Leaving work feeling not only good but even smarter is part of the job.
“Making a positive difference, seeing a child’s confidence improve along with their cognitive skills and IQ, it can affect all areas – it’s like a snowball effect,” trainer Shannon Terry said.
A 26-year-old, senior psychology student at the University of Kentucky, Terry has worked at LearningRx for 18 months.
She was impressed when she was introduced to the LearningRx philosophy, which is based on the principle that brain training can help students improve cognitive function and perform better in school.
“It’s unique,” she said. “It strays from the traditional idea of tutoring because it works on a student’s underlying cognitive skills.”
Terry is one of five trainers at LearningRx, working with students aged 5-28.
Terry, who currently trains one-on-one with four teenage students, was trained by Sheila Zink.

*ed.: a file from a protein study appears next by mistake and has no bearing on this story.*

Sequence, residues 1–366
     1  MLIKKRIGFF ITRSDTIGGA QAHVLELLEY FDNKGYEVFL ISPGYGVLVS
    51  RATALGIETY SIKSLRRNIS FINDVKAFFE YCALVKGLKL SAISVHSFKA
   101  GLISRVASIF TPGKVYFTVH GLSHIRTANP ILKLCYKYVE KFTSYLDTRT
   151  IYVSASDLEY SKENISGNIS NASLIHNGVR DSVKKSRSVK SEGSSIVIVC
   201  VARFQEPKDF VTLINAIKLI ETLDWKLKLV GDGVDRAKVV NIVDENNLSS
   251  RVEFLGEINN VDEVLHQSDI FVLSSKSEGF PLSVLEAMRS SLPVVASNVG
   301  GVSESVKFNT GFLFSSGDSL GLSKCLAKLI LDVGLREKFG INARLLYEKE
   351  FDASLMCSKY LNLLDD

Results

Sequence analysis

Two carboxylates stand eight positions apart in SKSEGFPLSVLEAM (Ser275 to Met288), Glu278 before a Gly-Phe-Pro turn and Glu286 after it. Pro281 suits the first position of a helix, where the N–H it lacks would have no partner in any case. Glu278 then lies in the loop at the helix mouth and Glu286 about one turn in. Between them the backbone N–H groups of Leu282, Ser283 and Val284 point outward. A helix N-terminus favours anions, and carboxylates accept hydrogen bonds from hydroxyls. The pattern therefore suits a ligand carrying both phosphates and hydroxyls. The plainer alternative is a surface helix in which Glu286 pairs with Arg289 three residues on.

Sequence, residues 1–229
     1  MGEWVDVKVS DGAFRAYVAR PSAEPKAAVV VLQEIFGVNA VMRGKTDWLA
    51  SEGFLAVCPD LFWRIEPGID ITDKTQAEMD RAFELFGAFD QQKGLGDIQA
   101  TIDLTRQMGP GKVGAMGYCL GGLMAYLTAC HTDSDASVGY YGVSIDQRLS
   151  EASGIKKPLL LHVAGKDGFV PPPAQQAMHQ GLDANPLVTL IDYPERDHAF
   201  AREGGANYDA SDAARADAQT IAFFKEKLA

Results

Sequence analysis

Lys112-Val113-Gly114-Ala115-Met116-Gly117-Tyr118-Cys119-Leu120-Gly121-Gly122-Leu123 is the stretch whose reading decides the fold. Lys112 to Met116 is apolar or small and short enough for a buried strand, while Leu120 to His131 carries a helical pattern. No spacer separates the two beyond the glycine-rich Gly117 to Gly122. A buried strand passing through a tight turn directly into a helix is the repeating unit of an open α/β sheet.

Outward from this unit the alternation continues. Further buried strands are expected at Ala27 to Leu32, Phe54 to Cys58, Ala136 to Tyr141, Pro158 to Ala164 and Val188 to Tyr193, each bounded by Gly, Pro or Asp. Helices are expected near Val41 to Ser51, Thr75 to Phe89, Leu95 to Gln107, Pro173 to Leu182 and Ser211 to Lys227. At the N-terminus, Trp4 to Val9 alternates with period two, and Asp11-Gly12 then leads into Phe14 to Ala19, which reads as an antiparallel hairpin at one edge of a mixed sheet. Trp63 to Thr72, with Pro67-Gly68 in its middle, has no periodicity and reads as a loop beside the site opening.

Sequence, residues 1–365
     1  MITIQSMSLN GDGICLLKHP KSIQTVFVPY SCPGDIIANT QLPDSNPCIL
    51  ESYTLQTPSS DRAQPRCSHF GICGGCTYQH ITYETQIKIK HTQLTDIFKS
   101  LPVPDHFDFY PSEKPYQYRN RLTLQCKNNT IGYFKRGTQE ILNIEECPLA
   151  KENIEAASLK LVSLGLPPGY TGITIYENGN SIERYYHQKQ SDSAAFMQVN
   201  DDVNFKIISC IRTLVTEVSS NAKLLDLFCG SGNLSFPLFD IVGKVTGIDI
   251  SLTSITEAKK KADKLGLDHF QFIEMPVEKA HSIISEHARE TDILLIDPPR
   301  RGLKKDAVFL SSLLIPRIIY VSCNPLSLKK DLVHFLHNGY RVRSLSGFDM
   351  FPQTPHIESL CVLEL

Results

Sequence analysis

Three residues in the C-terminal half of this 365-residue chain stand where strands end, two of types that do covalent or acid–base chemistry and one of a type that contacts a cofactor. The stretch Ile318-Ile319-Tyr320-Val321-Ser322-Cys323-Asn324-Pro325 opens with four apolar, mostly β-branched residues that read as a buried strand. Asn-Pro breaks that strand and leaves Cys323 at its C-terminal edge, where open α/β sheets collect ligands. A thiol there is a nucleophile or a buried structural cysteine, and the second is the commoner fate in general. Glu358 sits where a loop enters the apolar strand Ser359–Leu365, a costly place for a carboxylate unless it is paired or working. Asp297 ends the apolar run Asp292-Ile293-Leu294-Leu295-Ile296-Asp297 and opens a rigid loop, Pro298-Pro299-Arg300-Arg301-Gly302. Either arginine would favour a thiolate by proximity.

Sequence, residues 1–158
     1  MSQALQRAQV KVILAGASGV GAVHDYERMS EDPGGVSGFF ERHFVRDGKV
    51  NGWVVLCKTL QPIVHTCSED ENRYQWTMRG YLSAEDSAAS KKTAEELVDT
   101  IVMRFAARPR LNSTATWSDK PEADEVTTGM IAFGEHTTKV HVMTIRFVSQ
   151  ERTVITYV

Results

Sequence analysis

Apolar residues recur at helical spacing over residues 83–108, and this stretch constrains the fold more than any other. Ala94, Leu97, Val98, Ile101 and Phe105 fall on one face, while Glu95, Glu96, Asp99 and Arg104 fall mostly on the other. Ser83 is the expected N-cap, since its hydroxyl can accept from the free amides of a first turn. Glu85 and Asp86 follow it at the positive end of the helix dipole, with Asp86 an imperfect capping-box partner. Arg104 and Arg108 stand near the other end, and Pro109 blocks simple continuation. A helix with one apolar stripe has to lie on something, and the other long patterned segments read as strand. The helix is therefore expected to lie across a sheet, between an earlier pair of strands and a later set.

Sheila has been at Learning Rx since her son, Aaron, started the business five years ago.
A trainer for four years herself, Sheila now is the director of trainers.
As a grandmother of two boys and a mother who home-schooled all of her five children, Zink knows the significance of a child’s accomplishments to a parent.
“LearningRx helps kids who are struggling do better, have more confidence and that’s awesome,” she said.
“It’s also gratifying when parents come in excited because their child can do their homework on their own.”
Zink also trained Joanne Tyler, a 23-year-old graduate student in psychology at Eastern Kentucky University.
Tyler started at LearningRx a year-and-a-half ago and currently is training two students, 8 and 11.
“I really enjoy working here, it’s very rewarding,” she said. “The students tell me their improvements each session.”
By the end of a six-month program, students have transformed D’s and F’s into A’s and B’s.
To show their gratitude, students give their trainers hugs, high-fives, drawings and flowers.
But Terry said nothing beats “seeing a child read a story and have a smile on their face.”